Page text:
Cycling became my adult athletic pursuit once my childhood days of team sports such as baseball, basketball and soccer were long gone. It pretty much has been since I graduated college back in the early ’90s. I’m what you call an enthusiast, or nowadays can be termed the “Gran Fondo” rider. I’m not into racing simply because I don’t want to go down like a domino and break my collarbone in a criterium – I’ve got a wife, three kids and a business to run! But I admire those who train to compete in amateur bike racing, especially those Masters guys who also have families and a career. Probably like the majority of cyclists out there, I enjoy both the group ride and solo rides. The midweek or weekend group ride is more social and forces you to step up your game, lest you get dropped. Fear is a powerful motivator! The solo training ride helps clear your head from stressful days. Over the years, my riding consistency has waxed and waned depending on what was going on in my life. Invariably something would come up, like the birth of a child, a move, a new job, etc. that took me away from my weekly riding routine. Soon a few weeks would go by and I could feel all that hard-earned fitness slipping away. And then weeks might turn into a few months. Since my non-cycling spouse liked that fact I was around more to help around the house, I figured it was good that I took some time off. But I would get restless, missing my fitness and time outside. All the time, I knew that getting back on the bike and into a new routine was GOING TO HURT.
So it was that one of those life interrupters came along at the end of 2015 – this time a local move. But add to that my volunteering as an assistant baseball coach for my son’s Little League team and my riding time went to nil. Before I knew it, it was nearly halfway through the year and I had hardly ridden my bike. Fast forward to mid-June and the baseball season was now over (Little League must be the longest and most time intensive of youth sports!) and we were for the most part in our new house. So on June 21st, the second day of summer, I decided to get back in the saddle again. Can’t you hear those Gene Autry song lyrics? Or Aerosmith? At lunch time, I hopped onto the shop’s demo Pinarello Dogma F8 – which just so happens to fit me 🙂 – and decided to dip my toe back in the water. One of my favorite short rides from the shop is the Newport Back Bay Loop. It’s scenic and fortunately, pretty flat. No serious climbing for me as I ease my way back! The first couple of miles and I’m thinking, “this feels pretty good.” But as I jumped on the bike trail and headed towards the coast, a nice 10 mph headwind smacks me in the face and suddenly I see my average speed start to drop. And now it was starting to hurt. I tell myself not to get hung up on what the Garmin says and just go at a comfortable pace. I’m not going to get back to my previous fitness overnight, it’s going to take some time and consistent riding.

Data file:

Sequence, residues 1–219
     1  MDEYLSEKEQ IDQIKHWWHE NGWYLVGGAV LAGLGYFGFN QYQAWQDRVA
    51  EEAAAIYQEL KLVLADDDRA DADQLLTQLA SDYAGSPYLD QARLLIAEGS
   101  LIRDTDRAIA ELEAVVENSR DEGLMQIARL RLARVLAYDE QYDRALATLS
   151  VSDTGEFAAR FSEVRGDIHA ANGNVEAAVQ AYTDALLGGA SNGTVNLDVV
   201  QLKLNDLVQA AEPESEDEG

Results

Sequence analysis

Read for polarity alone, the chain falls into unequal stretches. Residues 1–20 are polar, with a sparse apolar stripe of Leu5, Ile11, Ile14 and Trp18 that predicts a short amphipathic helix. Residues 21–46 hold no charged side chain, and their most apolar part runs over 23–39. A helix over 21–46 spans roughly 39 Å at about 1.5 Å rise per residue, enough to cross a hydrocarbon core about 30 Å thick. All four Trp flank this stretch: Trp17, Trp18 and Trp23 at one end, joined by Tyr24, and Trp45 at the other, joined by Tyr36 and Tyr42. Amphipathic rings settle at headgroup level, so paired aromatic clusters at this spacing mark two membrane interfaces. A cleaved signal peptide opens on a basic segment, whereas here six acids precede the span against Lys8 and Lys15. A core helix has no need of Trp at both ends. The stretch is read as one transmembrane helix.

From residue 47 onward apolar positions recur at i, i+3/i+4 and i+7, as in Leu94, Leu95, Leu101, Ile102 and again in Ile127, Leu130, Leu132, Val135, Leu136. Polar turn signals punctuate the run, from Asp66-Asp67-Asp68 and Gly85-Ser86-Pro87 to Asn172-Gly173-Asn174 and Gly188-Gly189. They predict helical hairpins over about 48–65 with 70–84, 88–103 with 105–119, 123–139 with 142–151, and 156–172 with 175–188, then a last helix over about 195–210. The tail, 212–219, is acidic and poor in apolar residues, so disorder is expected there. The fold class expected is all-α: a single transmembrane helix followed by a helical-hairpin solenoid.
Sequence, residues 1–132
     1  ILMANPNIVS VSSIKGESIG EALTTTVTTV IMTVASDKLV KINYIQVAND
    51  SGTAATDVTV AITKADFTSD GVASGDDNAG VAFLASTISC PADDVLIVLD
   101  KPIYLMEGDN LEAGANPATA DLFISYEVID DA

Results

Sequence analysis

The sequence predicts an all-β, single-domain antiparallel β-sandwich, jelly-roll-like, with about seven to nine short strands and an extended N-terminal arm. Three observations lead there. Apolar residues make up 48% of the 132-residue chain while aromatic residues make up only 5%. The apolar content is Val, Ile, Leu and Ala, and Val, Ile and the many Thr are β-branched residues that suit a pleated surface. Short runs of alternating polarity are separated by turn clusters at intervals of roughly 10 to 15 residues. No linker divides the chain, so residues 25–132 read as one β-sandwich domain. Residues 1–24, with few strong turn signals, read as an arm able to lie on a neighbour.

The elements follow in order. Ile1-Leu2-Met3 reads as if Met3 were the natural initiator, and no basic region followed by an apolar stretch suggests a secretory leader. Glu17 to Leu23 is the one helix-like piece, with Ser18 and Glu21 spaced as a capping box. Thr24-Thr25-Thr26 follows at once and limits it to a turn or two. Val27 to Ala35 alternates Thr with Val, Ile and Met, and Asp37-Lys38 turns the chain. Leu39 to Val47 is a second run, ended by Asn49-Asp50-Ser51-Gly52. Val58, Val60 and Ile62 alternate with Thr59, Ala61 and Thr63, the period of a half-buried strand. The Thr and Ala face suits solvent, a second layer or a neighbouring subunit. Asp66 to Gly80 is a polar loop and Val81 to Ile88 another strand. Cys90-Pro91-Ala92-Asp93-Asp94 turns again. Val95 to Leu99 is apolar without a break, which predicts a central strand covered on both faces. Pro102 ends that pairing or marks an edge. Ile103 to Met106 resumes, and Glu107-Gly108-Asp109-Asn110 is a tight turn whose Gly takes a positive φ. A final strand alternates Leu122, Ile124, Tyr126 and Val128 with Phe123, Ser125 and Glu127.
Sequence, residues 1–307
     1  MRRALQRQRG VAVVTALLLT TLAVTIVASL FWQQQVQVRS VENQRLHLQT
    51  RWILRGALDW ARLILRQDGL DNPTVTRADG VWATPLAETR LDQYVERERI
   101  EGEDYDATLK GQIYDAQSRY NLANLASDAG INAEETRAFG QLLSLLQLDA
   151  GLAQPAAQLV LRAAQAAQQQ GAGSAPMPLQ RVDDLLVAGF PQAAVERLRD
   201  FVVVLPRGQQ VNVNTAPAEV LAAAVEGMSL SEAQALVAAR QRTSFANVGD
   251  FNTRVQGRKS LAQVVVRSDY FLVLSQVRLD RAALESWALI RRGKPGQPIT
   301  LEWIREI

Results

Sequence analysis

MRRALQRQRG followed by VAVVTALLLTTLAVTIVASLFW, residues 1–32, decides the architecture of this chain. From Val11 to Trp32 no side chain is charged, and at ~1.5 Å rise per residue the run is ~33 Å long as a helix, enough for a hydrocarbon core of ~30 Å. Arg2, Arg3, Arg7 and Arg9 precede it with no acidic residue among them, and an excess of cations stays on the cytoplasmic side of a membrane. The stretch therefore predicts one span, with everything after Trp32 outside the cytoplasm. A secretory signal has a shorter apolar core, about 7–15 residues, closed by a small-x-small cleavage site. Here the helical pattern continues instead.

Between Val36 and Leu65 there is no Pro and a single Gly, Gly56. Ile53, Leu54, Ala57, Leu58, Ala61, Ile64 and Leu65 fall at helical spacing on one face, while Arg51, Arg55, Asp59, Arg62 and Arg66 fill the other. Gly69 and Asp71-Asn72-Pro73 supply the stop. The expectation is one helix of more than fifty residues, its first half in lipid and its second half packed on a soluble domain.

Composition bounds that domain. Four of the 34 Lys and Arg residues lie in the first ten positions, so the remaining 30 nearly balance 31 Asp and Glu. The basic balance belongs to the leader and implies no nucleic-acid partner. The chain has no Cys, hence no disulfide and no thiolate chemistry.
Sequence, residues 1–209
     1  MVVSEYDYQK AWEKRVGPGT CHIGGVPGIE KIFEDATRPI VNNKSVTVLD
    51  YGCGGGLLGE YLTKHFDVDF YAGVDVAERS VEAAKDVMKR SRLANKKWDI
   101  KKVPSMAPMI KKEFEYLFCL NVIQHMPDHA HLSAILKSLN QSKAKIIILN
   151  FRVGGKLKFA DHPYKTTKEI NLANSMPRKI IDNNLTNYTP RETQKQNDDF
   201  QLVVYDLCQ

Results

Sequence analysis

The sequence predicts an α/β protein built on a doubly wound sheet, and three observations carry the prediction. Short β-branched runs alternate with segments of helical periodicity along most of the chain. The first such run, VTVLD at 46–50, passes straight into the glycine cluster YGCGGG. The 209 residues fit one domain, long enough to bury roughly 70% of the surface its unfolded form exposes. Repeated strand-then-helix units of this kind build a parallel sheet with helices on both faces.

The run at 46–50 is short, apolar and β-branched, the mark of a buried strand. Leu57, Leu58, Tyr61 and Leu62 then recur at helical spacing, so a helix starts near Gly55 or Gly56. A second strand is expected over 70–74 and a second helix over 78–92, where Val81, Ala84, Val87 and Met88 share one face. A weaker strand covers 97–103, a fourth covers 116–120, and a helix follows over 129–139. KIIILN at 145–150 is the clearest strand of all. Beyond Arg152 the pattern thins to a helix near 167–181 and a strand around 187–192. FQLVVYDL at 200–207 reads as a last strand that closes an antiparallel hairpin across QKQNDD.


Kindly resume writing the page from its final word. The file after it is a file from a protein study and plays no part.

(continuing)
I finished that ride feeling more tired than I wanted to admit but happy to have completed that first ride back – it’s more of a psychological barrier than anything. It was much easier to go on my second and third ride that week having completed the first one. Clearly my bike fitness has a ways to go, but it was nice to get the sensations of getting outside and spinning those legs again. Going through this process is giving me the chance to utilize some of the services we promote regularly at ARB Cyclery – in other words, to become a customer of my own shop! Having been off the bike for awhile, it’s definitely time for my bike fit to be re-evaluated. Some changes could be made to help me ride a little more comfortably until I can improve on my fitness, strength and flexibility. The subject of my next blog post in this series will be my visit to the SoCal Endurance Lab’s Senior Fit Specialist, Barrett Brauer. After that, I’ll pay a visit to the SoCal EL’s Exercise Physiologist to find my current level of baseline fitness. Stay tuned!